Under Dutch law, each ordinary share confers the right to cast one vote at the general meeting of shareholders. Each shareholder may cast as many votes as it holds shares. Pursuant to our Articles of Association, each share (whether common or preferred) will confer the right to cast one vote. Resolutions by the general meeting of shareholders must be adopted by an absolute majority of votes cast, unless another standard of votes and / or a quorum is required by virtue of Dutch law or our Articles of Association. There is no required quorum under Dutch law for shareholder action at a properly convened shareholder meeting, except in specific instances prescribed by Dutch law or our Articles of Association. According to our Articles of Association, each resolution by the general meeting requires a two-thirds majority of the votes cast representing more than half of the issued share capital, except for (i) resolutions to be adopted pursuant to a proposal by the Supervisory Board, which require a simple majority regardless of the number of votes cast at the relevant general meeting, and (ii) resolutions to amend the Articles of Association, which require a two-thirds majority of the votes cast representing more than half of the issued share capital and can be adopted only pursuant to a proposal by the Management Board which proposal requires approval by the Supervisory Board. Each shareholder has the right to participate in, address and exercise its right to vote at the general meeting of shareholders in person or by written proxy or by electronic means of communication, subject to certain conditions for the use of electronic means of voting set by or pursuant to the Articles of Association. No votes may be cast at a general meeting of shareholders on the shares held by us or our subsidiaries. Nonetheless, the holders of a right of usufruct and the holders of a right of pledge in respect of the shares held by us or our subsidiaries in our capital are not excluded from the right to vote on such shares, if the right of usufruct or the right of pledge was granted prior to the time such shares were acquired by us or any of our subsidiaries. Neither we nor our subsidiaries may cast votes in respect of a share on which we or such subsidiary holds a right of usufruct or a right of pledge. Dutch law requires that the record date be on the 28th day prior to the date of the general meeting. Shareholders as of the record date shall be deemed entitled to attend and to vote at the general meeting. There is no specific provision in Dutch law relating to adjournment of the general meeting of shareholders.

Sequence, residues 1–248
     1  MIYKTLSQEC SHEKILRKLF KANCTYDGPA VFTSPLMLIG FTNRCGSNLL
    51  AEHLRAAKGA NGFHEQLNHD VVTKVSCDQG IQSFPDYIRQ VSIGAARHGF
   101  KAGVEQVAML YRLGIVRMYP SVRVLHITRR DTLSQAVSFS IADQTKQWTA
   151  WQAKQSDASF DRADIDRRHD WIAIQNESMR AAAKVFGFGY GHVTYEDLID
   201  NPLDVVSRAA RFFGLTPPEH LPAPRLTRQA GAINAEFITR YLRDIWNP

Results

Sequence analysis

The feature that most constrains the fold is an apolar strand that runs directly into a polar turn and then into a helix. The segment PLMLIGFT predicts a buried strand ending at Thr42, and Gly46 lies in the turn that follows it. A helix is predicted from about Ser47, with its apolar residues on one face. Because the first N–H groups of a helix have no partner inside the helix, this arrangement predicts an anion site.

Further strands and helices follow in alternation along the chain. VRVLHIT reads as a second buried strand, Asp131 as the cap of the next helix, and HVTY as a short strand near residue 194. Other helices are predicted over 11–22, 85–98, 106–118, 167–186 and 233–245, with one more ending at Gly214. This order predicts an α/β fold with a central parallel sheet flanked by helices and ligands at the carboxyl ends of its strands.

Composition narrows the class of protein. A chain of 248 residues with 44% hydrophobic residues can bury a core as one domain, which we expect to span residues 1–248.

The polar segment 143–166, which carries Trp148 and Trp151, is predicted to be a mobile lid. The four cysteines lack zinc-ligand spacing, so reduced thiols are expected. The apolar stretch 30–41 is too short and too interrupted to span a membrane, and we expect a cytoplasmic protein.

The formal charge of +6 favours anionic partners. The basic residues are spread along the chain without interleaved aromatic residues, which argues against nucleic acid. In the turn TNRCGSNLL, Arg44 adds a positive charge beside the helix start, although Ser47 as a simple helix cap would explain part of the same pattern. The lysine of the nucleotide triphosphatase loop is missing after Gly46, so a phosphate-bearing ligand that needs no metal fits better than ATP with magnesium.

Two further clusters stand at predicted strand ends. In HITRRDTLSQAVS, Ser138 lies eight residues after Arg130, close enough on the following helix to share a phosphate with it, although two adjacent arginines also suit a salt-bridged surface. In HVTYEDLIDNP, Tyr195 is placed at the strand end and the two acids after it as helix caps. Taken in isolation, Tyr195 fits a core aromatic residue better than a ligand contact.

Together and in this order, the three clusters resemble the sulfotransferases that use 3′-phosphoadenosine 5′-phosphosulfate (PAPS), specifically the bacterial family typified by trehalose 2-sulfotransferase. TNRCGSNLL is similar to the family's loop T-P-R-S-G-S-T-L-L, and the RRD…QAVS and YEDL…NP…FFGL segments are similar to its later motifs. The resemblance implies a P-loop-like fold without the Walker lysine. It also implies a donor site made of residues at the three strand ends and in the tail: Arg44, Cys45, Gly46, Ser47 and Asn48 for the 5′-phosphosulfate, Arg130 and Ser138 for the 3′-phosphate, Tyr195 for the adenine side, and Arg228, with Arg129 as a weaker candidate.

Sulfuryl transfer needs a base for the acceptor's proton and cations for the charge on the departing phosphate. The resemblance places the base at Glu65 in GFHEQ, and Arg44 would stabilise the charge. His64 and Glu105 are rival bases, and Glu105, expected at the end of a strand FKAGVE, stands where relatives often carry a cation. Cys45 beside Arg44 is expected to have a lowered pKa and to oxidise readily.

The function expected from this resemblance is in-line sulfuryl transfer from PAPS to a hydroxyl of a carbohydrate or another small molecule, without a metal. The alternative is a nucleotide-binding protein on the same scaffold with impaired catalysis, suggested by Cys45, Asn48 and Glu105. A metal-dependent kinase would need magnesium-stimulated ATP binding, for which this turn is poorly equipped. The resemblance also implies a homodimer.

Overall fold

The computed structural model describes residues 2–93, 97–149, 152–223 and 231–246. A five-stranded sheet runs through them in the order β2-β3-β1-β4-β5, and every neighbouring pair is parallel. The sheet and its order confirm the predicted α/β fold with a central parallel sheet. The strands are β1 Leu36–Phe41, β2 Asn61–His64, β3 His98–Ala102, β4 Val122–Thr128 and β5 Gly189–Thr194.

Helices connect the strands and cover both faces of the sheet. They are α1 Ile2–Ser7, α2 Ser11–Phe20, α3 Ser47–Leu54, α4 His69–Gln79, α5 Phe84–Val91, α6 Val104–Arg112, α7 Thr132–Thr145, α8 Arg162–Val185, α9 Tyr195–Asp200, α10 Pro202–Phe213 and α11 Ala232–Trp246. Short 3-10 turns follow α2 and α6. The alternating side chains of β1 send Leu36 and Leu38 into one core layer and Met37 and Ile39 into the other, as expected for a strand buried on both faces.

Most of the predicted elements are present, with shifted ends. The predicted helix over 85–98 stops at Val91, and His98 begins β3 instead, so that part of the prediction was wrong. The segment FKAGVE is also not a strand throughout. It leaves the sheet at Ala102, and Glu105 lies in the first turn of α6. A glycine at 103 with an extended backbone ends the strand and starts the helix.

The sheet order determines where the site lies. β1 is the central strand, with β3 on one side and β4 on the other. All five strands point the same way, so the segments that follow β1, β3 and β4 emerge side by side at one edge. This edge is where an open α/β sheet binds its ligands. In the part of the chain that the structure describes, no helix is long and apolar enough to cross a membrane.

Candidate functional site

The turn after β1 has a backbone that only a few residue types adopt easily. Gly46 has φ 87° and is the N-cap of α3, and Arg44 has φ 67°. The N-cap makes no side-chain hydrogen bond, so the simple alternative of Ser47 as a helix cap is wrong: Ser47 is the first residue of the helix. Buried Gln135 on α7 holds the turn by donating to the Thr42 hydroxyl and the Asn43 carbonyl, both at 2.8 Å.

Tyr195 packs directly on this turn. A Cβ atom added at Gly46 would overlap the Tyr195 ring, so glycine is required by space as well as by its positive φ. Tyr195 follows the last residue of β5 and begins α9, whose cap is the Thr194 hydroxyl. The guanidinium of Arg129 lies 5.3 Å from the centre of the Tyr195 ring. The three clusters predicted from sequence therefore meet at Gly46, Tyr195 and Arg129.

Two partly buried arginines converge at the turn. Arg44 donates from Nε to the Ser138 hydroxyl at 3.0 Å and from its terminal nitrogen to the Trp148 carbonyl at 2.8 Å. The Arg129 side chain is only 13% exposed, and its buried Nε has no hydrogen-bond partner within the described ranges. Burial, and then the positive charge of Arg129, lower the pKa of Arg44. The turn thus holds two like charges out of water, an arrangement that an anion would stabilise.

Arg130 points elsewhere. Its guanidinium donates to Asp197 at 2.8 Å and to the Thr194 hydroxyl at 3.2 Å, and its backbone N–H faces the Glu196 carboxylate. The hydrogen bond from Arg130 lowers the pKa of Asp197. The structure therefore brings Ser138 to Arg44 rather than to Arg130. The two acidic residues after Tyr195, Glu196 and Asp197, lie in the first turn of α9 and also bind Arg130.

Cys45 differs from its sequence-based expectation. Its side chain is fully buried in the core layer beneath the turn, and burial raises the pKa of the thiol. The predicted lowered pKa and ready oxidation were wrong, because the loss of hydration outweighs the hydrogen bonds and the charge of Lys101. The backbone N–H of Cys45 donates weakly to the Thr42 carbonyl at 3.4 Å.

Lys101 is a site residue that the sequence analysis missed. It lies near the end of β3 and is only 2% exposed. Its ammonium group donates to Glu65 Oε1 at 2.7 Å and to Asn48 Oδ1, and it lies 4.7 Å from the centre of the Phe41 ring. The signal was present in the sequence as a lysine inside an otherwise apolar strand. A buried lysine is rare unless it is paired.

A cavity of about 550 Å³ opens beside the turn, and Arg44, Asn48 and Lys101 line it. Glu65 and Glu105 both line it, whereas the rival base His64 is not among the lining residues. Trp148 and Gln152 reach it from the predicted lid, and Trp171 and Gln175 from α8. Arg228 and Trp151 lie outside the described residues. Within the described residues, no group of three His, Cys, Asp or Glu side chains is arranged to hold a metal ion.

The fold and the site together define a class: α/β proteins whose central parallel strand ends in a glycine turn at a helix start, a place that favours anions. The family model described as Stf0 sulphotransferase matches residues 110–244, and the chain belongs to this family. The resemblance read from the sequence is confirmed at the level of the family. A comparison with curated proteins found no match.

Shareholder Vote on Certain Reorganizations
Under Dutch law, the approval of our general meeting of shareholders is required for any significant change in the identity of us or our business.
Subject to certain exceptions, Dutch law does not recognize the concept of appraisal or dissenters’ rights.
Under Dutch law, protective measures against takeovers are possible and permissible, within the boundaries set by Dutch law and Dutch case law. The following resolutions and provisions of our Articles of Association may have the effect of making a takeover of our company more difficult or less attractive, including:
Subject to the limits of the New York Stock Exchange listing rules, any preferred shares described above would vote together with the ordinary shares on matters submitted to shareholders for approval and have the same number of votes per share as the number of ordinary shares. By issuing the preferred shares in the appropriate number, this anti-takeover measure may result in the holders of such preferred shares having voting power equal to all issued ordinary shares. This anti-takeover measure can be used to provide time for our Management Board and Supervisory Board to negotiate the terms of a possible transaction that is in the best interest of all our stakeholders. In the event of a hostile takeover bid, in general, our Management Board and Supervisory Board still have the duty to act in the interest of our company and all its stakeholders.
Inspection of Books and Records
The Management Board provides all information required by Dutch law at the general meeting of shareholders and makes the information available to individual shareholders at the office of the company with copies available upon request. The part of our shareholders’ register kept in the Netherlands is available for inspection by the shareholders.
Amendment of our Articles of Association
The general meeting of shareholders is able to effect an amendment of the Articles of Association only upon a proposal of our Management Board, which proposal requires approval from our Supervisory Board and by a two-thirds majority of the votes cast representing more than half of the issued share capital. A proposal to amend the Articles of Association where by any change would be made in the rights which vest in the holders of shares in a specific class in their capacity as such, shall require the prior approval of the meeting of the holders of the shares of that specific class.
Dissolution, Merger or Demerger
The general meeting of shareholders will only be able to effect a dissolution of the company. The liquidation of the company shall be carried out by the Management Board, if and to the extent the general meeting of shareholders has not appointed one or more other liquidators.